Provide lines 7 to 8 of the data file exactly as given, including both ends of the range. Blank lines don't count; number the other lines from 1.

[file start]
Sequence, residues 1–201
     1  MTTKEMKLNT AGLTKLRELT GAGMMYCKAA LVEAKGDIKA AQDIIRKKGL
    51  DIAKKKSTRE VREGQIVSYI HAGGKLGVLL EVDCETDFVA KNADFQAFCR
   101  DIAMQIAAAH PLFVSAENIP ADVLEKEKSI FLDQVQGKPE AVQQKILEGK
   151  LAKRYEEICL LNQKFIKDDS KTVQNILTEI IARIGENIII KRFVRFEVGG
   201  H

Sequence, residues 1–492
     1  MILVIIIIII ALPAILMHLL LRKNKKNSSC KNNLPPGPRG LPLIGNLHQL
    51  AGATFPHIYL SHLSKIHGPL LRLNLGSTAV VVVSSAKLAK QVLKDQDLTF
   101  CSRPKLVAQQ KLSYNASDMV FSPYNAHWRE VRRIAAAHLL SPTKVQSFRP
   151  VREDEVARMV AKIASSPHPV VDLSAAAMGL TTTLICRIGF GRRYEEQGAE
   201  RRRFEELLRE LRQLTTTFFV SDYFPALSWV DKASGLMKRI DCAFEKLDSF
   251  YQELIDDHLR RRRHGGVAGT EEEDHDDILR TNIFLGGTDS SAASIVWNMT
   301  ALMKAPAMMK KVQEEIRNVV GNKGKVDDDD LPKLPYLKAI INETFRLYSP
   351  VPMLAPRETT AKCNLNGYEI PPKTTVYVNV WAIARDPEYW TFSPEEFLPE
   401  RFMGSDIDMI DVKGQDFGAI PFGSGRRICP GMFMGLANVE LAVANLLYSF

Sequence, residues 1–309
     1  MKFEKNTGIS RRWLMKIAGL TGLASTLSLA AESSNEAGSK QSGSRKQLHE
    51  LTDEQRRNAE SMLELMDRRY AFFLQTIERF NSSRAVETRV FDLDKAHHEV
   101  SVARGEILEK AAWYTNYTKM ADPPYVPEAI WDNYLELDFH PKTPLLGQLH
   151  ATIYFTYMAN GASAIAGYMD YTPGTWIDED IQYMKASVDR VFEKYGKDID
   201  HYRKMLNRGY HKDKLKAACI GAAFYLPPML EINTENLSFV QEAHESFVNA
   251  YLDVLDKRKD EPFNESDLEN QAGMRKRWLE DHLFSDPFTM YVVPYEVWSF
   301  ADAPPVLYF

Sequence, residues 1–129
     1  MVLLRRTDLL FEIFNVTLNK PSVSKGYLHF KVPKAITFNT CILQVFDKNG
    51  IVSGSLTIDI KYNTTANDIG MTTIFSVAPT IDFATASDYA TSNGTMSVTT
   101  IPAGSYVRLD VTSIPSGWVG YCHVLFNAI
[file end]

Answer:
Sequence, residues 1–492
     1  MILVIIIIII ALPAILMHLL LRKNKKNSSC KNNLPPGPRG LPLIGNLHQL